Solitaire a Belgium Bantam


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Solitaire as a Lonesome Chick
Solitaire arrived to us via the Royal Mail, as a hatching egg from Ebay. I remember ordering some Brahma hatching eggs, she was the only egg that hatched. The chick didn’t look quite right for a Brahma, for a start she was tiny. Unfortunately, being the only chick she had no friends. As we placed her in the brooder, we scratched our heads over what to do. A mirror worked for a short time, a small teddy went down well. At night she would go to sleep under one of its arms. Eventually we got the only thing she really wanted, which was another chick. Donald the hen man had a chick which he kindly gave to us. Her new friend was an araucana chick, quite a bit larger than Solitaire. Nevertheless, they both quickly cemented their friendship.

It was a delight to watch Solitaire with her new friend, who we called Mystique on account that at the time we had no idea what breed she was. It was clear that she was growing larger than Solitaire by quite a margin. When they got much older, you couldn’t separate them, where ever Mystique was, Solitaire was there by her side.

Solitaire and Mystique

Solitaire has repaid our attention to her needs in bucketfuls. Whenever we had a problem with chicks, it was dependable Solitaire who came to the rescue. We can’t count the number of chicks she has brought up. On numerous occasions she has been a foster mum to many chicks bought from Ebay as hatching eggs. Not content with that, Solitaire has come to the rescue when a broody has decided she’s fed up with sitting on eggs. Her life revolved around hatching eggs and chicks. Whenever she saw chicks, she immediately adopted them. It was also the same with eggs. A clutch of warm eggs were irresistible to her as she carefully rolled one after another underneath her small breast.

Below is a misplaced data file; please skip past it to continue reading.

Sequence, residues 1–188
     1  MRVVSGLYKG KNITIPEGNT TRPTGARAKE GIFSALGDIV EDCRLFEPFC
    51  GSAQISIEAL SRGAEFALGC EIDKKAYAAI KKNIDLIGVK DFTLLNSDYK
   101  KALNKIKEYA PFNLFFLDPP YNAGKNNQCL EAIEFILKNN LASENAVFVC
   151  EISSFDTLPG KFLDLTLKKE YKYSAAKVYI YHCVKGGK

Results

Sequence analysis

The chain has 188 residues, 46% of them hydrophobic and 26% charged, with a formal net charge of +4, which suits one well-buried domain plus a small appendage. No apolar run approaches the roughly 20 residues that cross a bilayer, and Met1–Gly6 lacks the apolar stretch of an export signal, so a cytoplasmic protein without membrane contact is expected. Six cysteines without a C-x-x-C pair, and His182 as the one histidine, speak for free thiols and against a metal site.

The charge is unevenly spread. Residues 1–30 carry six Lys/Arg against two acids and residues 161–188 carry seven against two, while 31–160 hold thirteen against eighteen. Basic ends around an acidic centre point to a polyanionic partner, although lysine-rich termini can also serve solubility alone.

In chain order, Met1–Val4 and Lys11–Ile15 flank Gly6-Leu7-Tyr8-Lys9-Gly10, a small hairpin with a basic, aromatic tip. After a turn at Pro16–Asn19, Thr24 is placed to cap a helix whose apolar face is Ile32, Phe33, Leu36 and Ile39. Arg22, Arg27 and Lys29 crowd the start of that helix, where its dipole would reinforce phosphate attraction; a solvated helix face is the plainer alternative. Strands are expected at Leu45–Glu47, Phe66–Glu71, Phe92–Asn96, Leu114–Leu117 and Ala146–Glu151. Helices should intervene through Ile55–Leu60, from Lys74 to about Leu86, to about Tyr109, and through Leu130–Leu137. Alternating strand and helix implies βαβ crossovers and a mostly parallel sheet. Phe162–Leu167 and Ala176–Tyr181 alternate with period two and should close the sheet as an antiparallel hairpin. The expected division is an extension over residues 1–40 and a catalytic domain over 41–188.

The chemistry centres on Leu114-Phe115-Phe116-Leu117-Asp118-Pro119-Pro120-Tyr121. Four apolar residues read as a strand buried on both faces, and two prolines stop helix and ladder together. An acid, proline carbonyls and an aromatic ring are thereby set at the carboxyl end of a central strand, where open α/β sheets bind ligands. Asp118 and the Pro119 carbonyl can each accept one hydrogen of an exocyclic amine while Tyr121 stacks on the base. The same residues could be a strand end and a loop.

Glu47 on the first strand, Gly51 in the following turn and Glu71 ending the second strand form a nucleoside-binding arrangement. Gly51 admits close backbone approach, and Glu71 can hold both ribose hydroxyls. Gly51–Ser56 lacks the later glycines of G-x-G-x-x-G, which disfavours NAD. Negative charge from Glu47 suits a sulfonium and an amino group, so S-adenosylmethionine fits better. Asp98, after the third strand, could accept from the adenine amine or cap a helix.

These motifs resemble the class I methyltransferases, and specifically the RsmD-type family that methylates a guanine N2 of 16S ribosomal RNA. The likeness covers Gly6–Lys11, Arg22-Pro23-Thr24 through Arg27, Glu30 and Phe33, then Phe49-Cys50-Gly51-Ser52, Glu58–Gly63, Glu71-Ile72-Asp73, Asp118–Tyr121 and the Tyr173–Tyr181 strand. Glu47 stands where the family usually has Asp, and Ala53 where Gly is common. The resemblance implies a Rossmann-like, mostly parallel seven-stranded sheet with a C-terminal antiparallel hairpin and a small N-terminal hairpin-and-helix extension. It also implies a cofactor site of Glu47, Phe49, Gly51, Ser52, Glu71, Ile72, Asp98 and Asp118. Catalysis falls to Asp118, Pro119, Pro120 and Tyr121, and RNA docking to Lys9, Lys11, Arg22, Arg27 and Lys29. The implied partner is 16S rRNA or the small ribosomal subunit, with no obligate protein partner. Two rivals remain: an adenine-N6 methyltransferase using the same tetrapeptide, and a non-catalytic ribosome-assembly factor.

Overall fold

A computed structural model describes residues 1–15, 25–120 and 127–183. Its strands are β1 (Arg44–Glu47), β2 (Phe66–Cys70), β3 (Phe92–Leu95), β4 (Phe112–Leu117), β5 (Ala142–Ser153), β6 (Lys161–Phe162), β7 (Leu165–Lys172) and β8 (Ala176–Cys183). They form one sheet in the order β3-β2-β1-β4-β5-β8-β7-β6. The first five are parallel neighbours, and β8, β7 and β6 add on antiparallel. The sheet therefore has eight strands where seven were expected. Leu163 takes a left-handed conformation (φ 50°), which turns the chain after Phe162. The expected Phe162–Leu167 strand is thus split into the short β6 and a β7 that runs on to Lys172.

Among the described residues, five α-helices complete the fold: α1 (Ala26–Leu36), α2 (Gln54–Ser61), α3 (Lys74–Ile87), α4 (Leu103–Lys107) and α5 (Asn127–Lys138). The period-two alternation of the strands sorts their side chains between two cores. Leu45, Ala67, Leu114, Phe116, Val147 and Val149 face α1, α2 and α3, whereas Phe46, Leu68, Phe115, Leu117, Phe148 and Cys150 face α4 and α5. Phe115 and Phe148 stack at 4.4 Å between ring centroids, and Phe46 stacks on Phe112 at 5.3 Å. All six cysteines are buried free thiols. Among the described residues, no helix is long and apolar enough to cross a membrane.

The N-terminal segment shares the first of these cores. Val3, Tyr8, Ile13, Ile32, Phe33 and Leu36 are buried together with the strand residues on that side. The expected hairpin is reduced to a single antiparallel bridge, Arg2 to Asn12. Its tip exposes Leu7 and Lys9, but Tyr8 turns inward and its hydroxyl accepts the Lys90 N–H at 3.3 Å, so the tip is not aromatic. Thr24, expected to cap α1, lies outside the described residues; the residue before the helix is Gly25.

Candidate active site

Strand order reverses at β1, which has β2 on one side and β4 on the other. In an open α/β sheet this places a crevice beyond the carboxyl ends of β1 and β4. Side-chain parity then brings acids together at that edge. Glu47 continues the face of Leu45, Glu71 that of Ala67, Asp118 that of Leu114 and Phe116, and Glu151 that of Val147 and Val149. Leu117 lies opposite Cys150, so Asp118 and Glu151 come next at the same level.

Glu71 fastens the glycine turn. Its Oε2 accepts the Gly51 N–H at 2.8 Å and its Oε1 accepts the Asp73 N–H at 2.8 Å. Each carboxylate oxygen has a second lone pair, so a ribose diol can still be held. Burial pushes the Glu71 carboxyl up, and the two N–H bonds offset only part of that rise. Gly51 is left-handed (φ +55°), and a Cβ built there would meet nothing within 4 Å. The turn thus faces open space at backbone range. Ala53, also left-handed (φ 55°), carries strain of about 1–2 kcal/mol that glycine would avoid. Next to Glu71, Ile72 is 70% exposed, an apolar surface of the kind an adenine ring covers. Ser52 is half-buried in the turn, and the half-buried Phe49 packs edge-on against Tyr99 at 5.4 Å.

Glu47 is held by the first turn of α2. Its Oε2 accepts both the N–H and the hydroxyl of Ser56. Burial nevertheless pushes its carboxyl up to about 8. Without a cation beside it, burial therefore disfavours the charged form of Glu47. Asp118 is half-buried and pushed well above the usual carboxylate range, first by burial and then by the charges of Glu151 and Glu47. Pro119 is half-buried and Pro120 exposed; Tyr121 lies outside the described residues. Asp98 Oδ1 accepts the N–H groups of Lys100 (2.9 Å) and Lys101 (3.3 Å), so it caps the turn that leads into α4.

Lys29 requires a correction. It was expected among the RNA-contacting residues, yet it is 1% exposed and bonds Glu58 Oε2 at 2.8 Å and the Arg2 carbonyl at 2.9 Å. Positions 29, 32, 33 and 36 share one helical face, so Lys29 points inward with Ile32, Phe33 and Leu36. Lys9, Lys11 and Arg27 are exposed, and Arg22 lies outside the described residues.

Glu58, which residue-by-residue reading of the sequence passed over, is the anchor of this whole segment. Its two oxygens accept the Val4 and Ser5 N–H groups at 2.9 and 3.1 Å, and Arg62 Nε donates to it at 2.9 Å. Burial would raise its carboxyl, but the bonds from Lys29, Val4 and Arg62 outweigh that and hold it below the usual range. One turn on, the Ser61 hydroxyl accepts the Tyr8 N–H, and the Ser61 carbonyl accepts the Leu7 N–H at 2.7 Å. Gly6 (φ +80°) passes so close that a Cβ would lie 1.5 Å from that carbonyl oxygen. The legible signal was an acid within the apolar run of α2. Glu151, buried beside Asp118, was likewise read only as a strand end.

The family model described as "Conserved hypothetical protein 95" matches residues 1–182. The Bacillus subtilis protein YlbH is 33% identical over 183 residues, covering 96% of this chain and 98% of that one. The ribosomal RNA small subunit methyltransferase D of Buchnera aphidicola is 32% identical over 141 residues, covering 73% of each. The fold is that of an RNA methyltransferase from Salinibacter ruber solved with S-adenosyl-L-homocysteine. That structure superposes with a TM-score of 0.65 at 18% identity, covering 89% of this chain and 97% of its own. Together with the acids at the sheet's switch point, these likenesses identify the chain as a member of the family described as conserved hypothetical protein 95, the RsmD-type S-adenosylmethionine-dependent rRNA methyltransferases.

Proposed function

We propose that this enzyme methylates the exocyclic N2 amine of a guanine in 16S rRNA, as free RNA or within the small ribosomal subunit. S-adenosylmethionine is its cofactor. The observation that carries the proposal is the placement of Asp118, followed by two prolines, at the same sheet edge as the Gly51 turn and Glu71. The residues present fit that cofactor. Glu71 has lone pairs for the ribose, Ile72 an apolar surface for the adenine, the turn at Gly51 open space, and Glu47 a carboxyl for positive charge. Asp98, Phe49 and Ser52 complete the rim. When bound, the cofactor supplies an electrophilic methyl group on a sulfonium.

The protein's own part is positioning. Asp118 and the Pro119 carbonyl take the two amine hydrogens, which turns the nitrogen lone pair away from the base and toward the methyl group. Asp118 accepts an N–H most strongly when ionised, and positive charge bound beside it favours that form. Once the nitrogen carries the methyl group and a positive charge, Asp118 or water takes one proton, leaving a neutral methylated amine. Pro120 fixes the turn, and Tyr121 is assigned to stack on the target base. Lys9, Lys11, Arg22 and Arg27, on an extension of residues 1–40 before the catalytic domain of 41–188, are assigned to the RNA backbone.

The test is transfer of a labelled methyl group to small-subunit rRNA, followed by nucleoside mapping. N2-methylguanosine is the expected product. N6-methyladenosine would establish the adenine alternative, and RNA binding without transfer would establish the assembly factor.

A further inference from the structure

Solitaire with Chicks

Solitaire for most of her life (6 years) lived with a flock of Japanese bantams. Our Japanese bantams go broody at the drop of a hat and they also sit on eggs as a mothers co-operative. Several hens sit on a clutch of eggs together, they take it in turns to go out of the coop to drink and feed. When the eggs hatch and the chicks are ready to go outside into the run, all of the several mothers escort the youngsters outside. Solitaire was always in the scrum ready to do her bit.

Solitaire

She died a week ago, sadly from some sort of cancer. At first we thought she had Mycoplasma and treated her with antibiotics to no effect sadly. We put her out of her misery once we realised it was the end. Most of our birds are incinerated when they die, but with Solitaire it was different, we buried her in the garden to remind ourselves of her unique personality and how we miss her presence. She gave us a lot of joy, and will be greatly missed. Fly high little one, you will be in our hearts forever.

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1 Response to Solitaire a Belgium Bantam

  1. Lovely blog, such beautiful birds. We keep Silkies and Poland hens.

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